Exhibition catalogue text

Catalogue entry from The Age of Rossetti, Burne-Jones & Watts: Symbolism in Britain 1860-1910


15 The Little White Girl: Symphony in White No.2 1864

Oil on canvas 76.5 x 51.1 (30 1/8 x 20 1/8)
Inscribed 'Whistler' and originally dated '1864' upper right
Prov: Bt at the RA by Gerald Potter 1865; Arthur Studd 1893; by whom bequeathed to the National Gallery 1919; transferred to the Tate Gallery 1951
Exh: RA 1865 (530); International Exhibition, London 1872 (260); Goupil Gallery 1892 (33); Munich 1892 (1950a); Glasgow 1893; Antwerp 1894 (2369); Venice 1895 (363); Paris 1900 (76 in American section); Edinburgh 1902 (240); Boston 1904 (28); Paris 1905 (5); Tate Gallery 1994 (15)
Lit: Pennell and Pennell 1908, I, pp.127-30, 144, 147, 178, II, pp.251, 261-2, 280; revised ed. 1911, repr. opp. p.124 in its original frame; Sutton 1966, p.185, repr. as frontis.; Young et al. 1980, I, no.52, pp.28-9, II, pls.31, 371 (with further bibliography); Anderson and Koval 1994, pp.149-59, 353, 374, 390, 443

Tate Gallery. Bequeathed by Arthur Studd 1919


Whistler's painting The Little White Girl, as it was known when first exhibited at the Royal Academy in 1865, shows the artist's mistress Jo Hiffernan standing beside a fireplace in the house in Lindsey Row, Chelsea, that they shared. Dressed in white, and holding a Japanese fan, she gazes with unseeing eyes, apparently lost in thought. The reflected image of her head and face is seen in the looking-glass. The circumstances of her life are not specified (although she wears a wedding ring on the third finger of her left hand), and the spectator is left to imagine what events have caused her sad mood, or what her eventual fate might be.

Swinburne's poem 'Before the Mirror' was inspired by The Little White Girl, and its verses, written on sheets of gold paper, were attached to the flats of the original frame (sadly now not extant, but see fig.22 on p.39). The poem concludes:

Deep in the gleaming glass
She sees all past things pass,
And all sweet life that was lie down and lie.
There glowing ghosts of flowers
Draw down, draw nigh;
And wings of swift spent hours
Take flight and fly;
She sees by formless gleams,
She hears across cold streams,
Dead mouths of many dreams that sing and sigh.
Face fallen and white throat lifted,
With sleepless eye
She sees old loves that drifted,
She knew not why,
Old loves and faded fears
Float down a stream that hears
The flowing of all men's tears beneath the sky.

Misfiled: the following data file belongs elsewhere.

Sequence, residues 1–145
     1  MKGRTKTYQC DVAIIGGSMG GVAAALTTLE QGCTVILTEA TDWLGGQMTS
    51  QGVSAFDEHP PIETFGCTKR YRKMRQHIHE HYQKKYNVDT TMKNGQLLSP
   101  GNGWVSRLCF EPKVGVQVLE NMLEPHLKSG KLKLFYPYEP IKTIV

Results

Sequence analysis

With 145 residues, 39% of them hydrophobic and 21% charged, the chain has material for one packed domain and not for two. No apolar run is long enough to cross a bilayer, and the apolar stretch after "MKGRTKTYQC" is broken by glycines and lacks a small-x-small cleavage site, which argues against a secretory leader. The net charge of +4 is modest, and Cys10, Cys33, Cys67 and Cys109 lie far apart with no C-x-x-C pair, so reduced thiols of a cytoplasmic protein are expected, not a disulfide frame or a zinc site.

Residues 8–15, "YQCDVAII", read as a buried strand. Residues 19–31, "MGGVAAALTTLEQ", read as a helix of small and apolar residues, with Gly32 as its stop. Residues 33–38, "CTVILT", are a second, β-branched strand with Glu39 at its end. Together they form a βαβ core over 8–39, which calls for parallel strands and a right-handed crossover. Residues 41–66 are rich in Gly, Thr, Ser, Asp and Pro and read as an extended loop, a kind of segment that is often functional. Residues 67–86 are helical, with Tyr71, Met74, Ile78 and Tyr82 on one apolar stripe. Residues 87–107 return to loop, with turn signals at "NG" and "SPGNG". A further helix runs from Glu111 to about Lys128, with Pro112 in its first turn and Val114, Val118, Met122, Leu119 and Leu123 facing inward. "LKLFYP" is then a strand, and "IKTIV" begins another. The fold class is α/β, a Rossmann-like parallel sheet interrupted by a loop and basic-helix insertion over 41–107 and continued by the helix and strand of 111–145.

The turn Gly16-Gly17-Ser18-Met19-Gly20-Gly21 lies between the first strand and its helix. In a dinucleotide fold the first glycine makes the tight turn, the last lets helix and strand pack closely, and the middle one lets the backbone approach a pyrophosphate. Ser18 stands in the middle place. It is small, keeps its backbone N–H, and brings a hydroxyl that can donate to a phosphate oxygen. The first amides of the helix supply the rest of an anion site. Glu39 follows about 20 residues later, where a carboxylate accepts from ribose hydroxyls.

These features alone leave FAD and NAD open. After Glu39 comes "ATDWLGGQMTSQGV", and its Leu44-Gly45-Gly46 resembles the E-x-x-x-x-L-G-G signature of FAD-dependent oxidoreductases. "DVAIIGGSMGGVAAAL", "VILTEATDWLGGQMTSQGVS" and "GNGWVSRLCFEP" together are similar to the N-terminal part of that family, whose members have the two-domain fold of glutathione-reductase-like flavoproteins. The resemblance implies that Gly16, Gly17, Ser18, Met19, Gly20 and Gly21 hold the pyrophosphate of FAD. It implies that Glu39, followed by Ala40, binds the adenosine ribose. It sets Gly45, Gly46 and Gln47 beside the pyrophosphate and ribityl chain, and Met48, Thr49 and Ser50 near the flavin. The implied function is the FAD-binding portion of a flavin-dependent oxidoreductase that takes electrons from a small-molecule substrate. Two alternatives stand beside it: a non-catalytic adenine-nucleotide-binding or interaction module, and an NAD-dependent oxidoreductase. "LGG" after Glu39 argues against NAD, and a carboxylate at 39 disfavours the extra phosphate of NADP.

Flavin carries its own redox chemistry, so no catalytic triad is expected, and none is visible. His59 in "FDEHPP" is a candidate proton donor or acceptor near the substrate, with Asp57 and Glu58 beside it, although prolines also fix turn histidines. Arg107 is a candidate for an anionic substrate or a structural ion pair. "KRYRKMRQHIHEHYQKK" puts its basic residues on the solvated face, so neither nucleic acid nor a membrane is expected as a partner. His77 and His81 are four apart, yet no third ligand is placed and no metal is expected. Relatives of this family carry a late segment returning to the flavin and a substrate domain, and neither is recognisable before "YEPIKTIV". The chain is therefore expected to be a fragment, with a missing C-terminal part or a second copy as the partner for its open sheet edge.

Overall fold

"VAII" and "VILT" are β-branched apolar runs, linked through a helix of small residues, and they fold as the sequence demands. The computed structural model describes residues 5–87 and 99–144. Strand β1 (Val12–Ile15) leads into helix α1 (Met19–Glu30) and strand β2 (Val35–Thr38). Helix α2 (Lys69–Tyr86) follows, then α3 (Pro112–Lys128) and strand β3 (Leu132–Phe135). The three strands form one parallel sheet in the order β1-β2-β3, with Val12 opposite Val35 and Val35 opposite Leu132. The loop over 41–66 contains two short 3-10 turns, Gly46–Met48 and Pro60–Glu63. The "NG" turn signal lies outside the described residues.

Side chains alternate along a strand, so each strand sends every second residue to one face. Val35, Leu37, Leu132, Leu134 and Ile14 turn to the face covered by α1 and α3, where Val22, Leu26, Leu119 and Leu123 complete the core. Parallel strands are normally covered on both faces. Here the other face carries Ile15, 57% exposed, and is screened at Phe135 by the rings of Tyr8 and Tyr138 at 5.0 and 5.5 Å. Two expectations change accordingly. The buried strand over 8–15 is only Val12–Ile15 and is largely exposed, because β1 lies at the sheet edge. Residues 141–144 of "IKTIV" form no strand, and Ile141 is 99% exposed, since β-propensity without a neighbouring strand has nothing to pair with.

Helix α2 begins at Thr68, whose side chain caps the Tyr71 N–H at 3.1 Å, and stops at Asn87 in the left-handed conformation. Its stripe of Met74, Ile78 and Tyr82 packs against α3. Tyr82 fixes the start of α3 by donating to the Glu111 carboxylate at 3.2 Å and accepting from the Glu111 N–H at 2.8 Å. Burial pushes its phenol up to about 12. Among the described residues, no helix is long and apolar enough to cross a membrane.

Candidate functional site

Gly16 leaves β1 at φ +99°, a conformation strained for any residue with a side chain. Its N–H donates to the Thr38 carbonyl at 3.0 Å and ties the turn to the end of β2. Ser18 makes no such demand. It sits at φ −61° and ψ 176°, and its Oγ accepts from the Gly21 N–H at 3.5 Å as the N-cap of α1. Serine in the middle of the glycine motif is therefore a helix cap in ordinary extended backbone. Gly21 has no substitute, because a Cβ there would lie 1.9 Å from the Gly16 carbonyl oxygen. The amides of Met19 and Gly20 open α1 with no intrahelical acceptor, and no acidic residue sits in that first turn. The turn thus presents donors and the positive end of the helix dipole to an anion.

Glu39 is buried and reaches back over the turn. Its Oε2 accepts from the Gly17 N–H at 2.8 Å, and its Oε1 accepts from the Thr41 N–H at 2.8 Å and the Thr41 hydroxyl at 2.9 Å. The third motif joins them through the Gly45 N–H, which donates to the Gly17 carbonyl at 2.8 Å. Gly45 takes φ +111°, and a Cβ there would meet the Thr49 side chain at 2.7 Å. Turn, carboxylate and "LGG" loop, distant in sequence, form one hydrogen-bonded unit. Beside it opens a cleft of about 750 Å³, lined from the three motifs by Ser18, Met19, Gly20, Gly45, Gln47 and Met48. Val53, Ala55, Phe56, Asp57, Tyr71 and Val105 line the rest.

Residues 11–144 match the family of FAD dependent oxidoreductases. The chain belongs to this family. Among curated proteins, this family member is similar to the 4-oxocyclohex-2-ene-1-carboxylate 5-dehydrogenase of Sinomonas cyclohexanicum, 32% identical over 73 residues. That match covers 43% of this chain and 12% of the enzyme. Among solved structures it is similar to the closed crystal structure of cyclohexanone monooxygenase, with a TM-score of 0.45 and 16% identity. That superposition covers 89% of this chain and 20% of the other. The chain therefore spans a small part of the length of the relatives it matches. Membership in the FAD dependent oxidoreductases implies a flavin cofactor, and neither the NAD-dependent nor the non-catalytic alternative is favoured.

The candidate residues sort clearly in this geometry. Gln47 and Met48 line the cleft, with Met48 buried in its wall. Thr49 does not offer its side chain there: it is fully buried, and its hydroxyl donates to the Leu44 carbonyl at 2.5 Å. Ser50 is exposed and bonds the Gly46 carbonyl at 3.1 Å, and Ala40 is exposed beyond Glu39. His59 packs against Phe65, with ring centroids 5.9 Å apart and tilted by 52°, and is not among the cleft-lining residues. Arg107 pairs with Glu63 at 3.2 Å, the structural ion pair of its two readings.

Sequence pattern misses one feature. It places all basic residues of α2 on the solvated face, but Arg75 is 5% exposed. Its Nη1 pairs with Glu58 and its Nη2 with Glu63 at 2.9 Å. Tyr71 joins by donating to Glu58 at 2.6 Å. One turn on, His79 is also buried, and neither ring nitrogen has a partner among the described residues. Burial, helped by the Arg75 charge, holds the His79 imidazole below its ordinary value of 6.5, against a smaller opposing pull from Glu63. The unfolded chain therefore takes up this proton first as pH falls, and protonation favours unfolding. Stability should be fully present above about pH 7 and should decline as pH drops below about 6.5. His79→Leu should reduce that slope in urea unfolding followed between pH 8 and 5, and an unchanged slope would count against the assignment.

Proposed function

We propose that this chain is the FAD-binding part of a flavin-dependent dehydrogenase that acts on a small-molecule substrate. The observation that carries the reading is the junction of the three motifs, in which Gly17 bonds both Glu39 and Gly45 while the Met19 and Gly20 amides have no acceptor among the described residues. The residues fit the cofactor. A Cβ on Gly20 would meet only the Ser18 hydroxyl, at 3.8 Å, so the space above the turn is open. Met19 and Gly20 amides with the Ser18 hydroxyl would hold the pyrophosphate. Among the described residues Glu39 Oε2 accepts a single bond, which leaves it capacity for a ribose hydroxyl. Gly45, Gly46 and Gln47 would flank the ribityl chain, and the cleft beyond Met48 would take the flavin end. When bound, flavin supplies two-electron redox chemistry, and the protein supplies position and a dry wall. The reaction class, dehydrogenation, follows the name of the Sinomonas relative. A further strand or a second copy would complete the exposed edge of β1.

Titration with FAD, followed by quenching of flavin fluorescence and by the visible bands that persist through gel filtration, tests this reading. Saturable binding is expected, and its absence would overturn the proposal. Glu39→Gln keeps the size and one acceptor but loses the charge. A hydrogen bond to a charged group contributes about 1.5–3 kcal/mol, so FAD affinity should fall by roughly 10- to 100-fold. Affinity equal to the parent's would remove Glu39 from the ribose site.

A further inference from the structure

In 1865 the Times critic found Swinburne's 'very beautiful but not very lucid verses' unhelpful as to the painting's meaning. 'Nevertheless', he concluded, 'the picture is one ... that means more than it says, though not so much perhaps as the poet has said for it. Thought and passion are under the surface of the plain features, giving them an undefinable attraction' (quoted in Young et al. 1980, I, p.29). The idea of a person being confronted by a past existence, or a sad premonition of what is to come - for while the girl standing before us is young and graceful, her mirrored image seems stooped and worn - appealed to a generation who looked for evidence of the spirit world in their daily surroundings and who sought the means of translation into the spheres of other worlds. In passing, one wonders whether Charles Dodgson ('Lewis Carroll') saw Whistler's painting at Trafalgar Square in 1865, and whether perhaps he may have had it in mind when writing Through the Looking-Glass and What Alice Found There in 1871.

The detached way in which the spectator is invited to inspect the figure of a woman who faces away from the viewer and who seems to avoid psychological engagement, but the expression of whose face - as seen in the image of her reflection - may be studied quite independently, is surely owed to Whistler's memory of Vel zquez's Rokeby Venus (National Gallery, London), which he must have seen at the Manchester Art Treasures Exhibition of 1857. In that painting, as in The Little White Girl, the careworn appearance of the woman as transmitted to the viewer through her reflection seems at odds with the idealised beauty of her actual presence.

Swinburne may perhaps have suggested to Whistler the notion of individuals coming upon themselves by supernatural agency and of the anxiety induced by such premonition of one's fate. In 1864, the year of The Little White Girl, Swinburne had visited Florence to study Renaissance paintings, and the essay that he subsequently wrote describing what he had seen explores this theme, in for example his account of paintings by Leonardo, whose works he found to be 'full of ... indefinable grace and grave mystery': 'Fair strange faces of women full of dim doubt and faint scorn; touched by the shadow of an obscure fate; eager and weary as it seems at once, pale and fervent with patience or passion; allure and perplex the eyes and thoughts of men. There is a study here of Youth and Age meeting; it may be, of a young man coming suddenly upon the ghostly figure of himself as he will one day be; the brilliant life in his face is struck into sudden pallor and silence, the clear eyes startled, the happy lips confused' (Fortnightly Review, vol.4 (NS), 1868, pp.16-40).

Christopher Newall

Published in:
Andrew Wilton, Robert Upstone, and others, The Age of Rossetti, Burne-Jones & Watts: Symbolism in Britain 1860-1910, exhibition catalogue, Tate Gallery, London 1997, pp.116-17 no.15, reproduced in colour p.116